How many continental trophies have the sport's greats won?

Discussion in 'The Beautiful Game' started by IceBlood34, May 22, 2024.

  1. IceBlood34

    IceBlood34 Member

    Montpellier HSC
    Jan 27, 2021
    Hello everyone,

    With the Copa America and the Euro approaching, I wondered how players like Pele or Maradona could have failed to win the Copa America, given their place in the footballing pantheon.

    Just to remind you of the facts:

    - Pelé took part in the Copa America just once, in 1959, finishing top scorer and player with 8 goals, but Brazil finishing second by one point, behind Argentina.
    He also undoubtedly paid for Brazil's lack of interest in the Copa America throughout the 1960s.

    - Maradona, on the other hand, was more fortunate, making 3 appearances, including one in 1979, when Argentina finished last team in a 3-teams group, with one goal.
    In 1983, I don't know why he didn't take part, but Argentina finished second in their group and didn't qualify for the finals.
    In 1987, at the peak of his powers, with 3 goals in the group phase, Maradona qualified his team for the finals, but was eliminated in the semi-finals by Uruguay, the future winners.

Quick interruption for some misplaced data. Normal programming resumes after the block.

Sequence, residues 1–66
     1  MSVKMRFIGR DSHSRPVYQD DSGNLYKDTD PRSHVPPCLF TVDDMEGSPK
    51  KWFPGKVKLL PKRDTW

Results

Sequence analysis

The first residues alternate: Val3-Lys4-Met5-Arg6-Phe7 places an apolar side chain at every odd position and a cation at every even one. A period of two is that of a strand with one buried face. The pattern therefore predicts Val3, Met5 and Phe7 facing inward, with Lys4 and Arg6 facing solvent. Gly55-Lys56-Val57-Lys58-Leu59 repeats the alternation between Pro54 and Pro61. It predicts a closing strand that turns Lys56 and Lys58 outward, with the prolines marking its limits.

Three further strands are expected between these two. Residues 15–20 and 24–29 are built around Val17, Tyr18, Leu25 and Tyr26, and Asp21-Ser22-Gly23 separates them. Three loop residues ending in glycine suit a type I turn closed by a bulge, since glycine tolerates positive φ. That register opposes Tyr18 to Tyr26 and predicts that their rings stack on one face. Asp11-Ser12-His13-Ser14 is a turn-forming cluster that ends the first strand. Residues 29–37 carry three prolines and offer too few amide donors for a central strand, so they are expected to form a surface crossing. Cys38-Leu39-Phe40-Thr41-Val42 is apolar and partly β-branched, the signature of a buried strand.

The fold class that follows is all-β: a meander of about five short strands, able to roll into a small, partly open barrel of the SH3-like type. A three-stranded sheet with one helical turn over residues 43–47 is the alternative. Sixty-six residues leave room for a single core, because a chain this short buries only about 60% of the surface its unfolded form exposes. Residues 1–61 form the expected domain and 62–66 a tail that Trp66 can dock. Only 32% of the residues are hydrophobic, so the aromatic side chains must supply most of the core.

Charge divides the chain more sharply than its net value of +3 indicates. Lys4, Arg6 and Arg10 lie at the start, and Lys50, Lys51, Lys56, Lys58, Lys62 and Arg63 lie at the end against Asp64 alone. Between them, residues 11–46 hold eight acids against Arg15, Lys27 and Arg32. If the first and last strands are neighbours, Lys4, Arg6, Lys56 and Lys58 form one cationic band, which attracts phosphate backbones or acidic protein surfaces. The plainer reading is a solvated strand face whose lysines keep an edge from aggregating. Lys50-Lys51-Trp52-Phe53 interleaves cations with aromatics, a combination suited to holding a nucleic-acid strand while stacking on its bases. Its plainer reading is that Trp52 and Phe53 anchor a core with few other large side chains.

He tried his luck again in 1989, with Argentina qualifying for the second round, but finishing 3rd out of 4, with just a single point.
    He did not feature in either the 1991 or 1993 campaigns, as a result of his drug affair & suspension.

    So my question is, do you think these two players could have won at least one Copa America?

    For Pelé, I'm pretty sure he could have won it in 1963, given that the Brazilians were the World defending champions in 1962. As for 1967, I have my reservations, both about the state of the Brazilian team and about Pele's level that year.
    As for Maradona, could his presence in 1983 have brought that title?
    Would the 1991 and 1993 titles have been the same with him?

    I hope we'll have an interesting exchange here, mixing analysis of the teams of the time, the player's level, and all the context that follows.
    We could dwell on other great players later too.

  2. Vegan10

    Vegan10 Member+

    Aug 4, 2011
    #2 Vegan10, May 24, 2024
    Last edited: May 24, 2024
    With this one I’m pretty familiar with the specifics. But the what-ifs will always be an incognito…

    Let’s start with Edson…

    In regard to those specific years, the biggest thorn in Brazil’s path between 1959-1965 was Argentina who had a favorable record of 6 wins, 4 losses and 2 draws against their neighbors.